This is an important poem of the 20th century by an author that depicts a Black individual as an almost mythical figure. This poem is one that, though not free from the imposition of race, draws attention to the fact that there are other angles apart from oppression to highlight people of color.

At his cramped desk under the astrodome, the navigator looks

thousands of light-years everywhere but down. He gets a celestial fix,

measuring head-winds; checking the log; plotting wind-speed,

altitude, drift in a circle of protractors, slide-rules, and pencils.

Still I Rise

by Maya Angelou

‘Still I Rise’ is an inspiring and emotional poem that’s based around Maya Angelou’s experiences as a Black woman in America. It encourages readers to love themselves fully and persevere in the face of every hardship.

This poem was first published in 1978 and is a prime example of the poetry of the 20th century, which often explored social and political issues and celebrated the power of the individual to rise above adversity.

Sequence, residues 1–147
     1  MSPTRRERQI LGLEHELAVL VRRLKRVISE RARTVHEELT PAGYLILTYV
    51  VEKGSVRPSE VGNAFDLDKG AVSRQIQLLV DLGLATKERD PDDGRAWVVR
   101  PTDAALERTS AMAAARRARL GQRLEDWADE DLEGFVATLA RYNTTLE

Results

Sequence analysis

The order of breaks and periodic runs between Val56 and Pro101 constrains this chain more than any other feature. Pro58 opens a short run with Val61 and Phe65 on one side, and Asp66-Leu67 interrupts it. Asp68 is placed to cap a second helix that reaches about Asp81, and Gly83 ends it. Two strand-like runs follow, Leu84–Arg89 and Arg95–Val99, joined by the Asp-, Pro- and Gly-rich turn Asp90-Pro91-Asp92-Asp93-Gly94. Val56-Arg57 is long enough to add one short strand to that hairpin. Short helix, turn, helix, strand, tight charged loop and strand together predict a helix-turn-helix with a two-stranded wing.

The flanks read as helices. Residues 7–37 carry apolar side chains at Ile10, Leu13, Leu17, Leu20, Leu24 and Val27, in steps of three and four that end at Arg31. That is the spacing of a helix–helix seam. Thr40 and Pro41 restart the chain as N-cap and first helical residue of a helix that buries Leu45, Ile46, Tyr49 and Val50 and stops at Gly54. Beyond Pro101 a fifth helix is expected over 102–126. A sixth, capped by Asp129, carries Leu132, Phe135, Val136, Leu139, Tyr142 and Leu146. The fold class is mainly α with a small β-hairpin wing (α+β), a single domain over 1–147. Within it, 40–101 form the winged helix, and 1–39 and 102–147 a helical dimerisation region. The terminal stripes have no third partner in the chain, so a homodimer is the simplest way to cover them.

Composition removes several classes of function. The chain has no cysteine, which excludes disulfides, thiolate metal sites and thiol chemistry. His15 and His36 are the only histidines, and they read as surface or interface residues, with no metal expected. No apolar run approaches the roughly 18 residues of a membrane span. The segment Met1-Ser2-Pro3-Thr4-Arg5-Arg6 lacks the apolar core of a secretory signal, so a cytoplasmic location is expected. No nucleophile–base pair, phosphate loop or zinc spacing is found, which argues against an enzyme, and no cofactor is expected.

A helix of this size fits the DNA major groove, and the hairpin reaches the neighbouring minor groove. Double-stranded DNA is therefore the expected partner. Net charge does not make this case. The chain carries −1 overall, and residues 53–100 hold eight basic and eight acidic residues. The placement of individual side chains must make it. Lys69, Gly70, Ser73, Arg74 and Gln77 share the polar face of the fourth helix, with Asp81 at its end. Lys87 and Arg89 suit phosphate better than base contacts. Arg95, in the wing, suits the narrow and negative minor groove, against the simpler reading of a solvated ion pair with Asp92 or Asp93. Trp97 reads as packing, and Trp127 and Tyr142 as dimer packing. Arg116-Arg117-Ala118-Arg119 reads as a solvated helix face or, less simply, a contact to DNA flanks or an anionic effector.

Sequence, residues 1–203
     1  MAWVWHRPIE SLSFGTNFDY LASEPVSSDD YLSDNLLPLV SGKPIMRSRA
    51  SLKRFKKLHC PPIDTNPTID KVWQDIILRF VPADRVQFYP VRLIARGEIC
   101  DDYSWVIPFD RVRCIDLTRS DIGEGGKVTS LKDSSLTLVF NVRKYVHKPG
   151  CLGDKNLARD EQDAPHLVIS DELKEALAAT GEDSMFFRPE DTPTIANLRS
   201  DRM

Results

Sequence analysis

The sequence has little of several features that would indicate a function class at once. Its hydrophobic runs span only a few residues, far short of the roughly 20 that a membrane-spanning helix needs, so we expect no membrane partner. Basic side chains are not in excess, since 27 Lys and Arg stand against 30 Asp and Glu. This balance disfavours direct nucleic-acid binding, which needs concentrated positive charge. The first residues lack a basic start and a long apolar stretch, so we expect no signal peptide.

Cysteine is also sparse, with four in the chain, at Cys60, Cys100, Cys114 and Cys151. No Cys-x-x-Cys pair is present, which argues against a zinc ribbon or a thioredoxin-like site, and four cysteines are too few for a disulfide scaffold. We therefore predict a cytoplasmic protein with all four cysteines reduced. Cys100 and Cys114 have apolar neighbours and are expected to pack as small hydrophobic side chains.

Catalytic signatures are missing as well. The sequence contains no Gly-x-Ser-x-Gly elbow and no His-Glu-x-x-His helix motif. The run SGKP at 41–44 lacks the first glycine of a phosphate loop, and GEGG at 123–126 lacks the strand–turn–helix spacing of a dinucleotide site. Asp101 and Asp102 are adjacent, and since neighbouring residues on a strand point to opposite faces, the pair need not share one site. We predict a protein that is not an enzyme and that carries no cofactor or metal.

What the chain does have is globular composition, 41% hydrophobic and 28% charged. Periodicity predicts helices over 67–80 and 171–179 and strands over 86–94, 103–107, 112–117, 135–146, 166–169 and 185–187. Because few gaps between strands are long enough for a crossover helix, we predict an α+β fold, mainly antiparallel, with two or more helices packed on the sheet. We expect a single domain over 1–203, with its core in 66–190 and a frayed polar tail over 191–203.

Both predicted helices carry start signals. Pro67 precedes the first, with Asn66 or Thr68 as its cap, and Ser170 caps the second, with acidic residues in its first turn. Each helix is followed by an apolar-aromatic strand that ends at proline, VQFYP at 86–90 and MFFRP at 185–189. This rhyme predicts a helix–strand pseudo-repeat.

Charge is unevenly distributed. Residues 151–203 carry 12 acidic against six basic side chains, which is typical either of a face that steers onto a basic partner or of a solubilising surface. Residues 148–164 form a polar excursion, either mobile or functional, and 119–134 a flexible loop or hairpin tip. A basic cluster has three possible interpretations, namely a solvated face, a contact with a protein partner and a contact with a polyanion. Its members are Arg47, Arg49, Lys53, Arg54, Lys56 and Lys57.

You may write me down in history

With your bitter, twisted lies,

You may trod me in the very dirt

But still, like dust, I'll rise.

The Hermit

by Alan Paton

‘The Hermit’ by Alan Paton suggests that it is impossible to find peace by locking out the pain, hunger, and emotions of others. Justice and peace are only possible through human connection and compromise.

'The Hermit' is timeless, as it does not explicitly give away details about Apartheid in South Africa, but it is, nonetheless, a critical poem for the anti-Apartheid groups that existed in the 20th century. As such, it carries both a universal and specific meaning that is relevant to all people today.

I have barred the doors

Of the place where I bide,

I am old and afraid

Of the world outside.

The Snowman on the Moor

by Sylvia Plath

‘The Snowman on the Moor’ explores the turbulent and abusive relationship between the speaker (presumably Plath herself) and her male spouse.

Considering the chronological context in which the poem was written, its content is extremely relevant, as it discusses women's limited rights and the abusive nature of relationships. Although the poem is loosely based on Plath's relationship, it is relevant to every woman who has ever been in or witnessed an unfulfilling relationship with an unstable power dynamic.

Stalemated their armies stood, with tottering banners:

She flung from a room

Still ringing with bruit of insults and dishonors

They Feed They Lion

by Philip Levine

‘They Feed They Lion’ by Philip Levine is a powerful poem that visualizes a scene of apocalyptic proportions. It was inspired by the aftermath of the 1967 Detroit riots.